From now on Best Buy hands its business execution to the wholly-owned local business Five Star Appliance. May it solve the problem? I am cautiously optimistic to it. Fully localize a global business into China is a right step. But the step by itself is not enough to secure success. Until the Best Buy administration in United States truly understands the Chinese society, Best Buy will not succeed in China.

Again, the message is not just for Best Buy.

Friday, February 18, 2011

From Egypt to China

Recently a friend asked my opinion about the Egyptian revolution and how Chinese people may react to it. The topic is timely and illuminating and thus I would like to share my answer to the readers. The Egyptian revolution is remarkable to the contemporary history, but its impact to China and the Chinese people in the near future will be limited.


The Egyptian revolution occurred with the background of the Web-2.0 booming and the economic recession. The booming of Web 2.0 has brought the world wealth accumulation. The economic recession did, however, exactly the opposite. This pair of contradiction composed a main melody in the past decade. The Egyptian revolution was an explosive release of the said contradiction in the Middle East.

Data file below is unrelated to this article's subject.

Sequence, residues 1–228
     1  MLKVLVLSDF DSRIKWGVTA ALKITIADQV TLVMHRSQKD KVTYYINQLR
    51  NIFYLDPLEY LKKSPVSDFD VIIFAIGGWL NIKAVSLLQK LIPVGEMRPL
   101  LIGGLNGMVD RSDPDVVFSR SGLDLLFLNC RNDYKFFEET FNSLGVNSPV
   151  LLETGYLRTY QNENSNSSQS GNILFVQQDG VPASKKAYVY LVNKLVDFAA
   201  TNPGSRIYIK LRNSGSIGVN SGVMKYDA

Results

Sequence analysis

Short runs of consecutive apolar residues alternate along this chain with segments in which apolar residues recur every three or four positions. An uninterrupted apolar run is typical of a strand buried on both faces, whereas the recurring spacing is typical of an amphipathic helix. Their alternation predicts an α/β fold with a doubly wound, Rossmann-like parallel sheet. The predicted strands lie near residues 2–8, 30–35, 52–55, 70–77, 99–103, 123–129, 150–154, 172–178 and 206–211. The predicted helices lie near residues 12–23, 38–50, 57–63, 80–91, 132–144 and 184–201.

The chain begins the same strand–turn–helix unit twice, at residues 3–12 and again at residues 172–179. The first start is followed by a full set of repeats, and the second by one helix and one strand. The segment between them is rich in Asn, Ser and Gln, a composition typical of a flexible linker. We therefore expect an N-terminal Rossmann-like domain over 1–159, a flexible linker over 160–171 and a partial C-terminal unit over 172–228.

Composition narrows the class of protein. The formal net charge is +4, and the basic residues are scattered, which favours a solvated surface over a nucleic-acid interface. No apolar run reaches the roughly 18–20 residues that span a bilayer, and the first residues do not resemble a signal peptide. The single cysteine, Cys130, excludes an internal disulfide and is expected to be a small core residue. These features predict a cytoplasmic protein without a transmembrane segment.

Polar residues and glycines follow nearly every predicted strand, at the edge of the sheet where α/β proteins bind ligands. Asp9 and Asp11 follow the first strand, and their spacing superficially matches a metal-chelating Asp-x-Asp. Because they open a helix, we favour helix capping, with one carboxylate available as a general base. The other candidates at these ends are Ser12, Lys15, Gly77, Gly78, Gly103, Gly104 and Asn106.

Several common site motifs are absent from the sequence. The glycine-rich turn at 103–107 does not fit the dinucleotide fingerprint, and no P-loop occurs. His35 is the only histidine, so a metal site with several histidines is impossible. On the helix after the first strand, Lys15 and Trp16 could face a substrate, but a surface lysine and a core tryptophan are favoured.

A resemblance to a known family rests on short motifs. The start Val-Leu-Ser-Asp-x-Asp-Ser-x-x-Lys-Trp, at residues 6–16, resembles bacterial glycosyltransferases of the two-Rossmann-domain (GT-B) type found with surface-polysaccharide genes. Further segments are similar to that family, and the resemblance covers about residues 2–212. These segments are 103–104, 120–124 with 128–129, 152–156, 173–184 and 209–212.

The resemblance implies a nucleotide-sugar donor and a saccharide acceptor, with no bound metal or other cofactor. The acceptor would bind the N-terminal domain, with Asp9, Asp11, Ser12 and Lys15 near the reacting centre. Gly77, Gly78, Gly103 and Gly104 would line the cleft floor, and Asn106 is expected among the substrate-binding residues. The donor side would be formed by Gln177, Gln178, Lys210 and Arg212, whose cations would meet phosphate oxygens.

Accompanied with the Web-2.0 booming it is the trend of globalization. The world becomes flatter than before. The economic recession, on the other hand, warns us a terrible side effect of the world being flattened. The dams and other traditional landscape obstacles that used to preventing the flood of the global economy river have gradually lost their functionality in this newly flattened world. Globalization is both of a primary contributor of the economic growth in the last decade and a primary cause of the economic recession at the end of the decade. As we all know, the flood in a plain usually lead to greater destruction than it is in a valley surrounded by mountains. Besides the other internal reasons, the said contradiction is the main external factor for the Egyptian revolution.

In this evolution, the Egyptians were not pursuing the idealistic freedom. They were (and are) looking for better life. The fallen of the Mubarak administration was not due to the lack of freedom in the nation. It was, however, due to that the lack-of-freedom model had become the inevitable obstacle for the economic growth of Egypt. As I always said, the Web evolution is not just about the Web, it is a social evolution in essence. The Egyptian revolution is a typical example of how the virtual world evolution has been extended to the real world.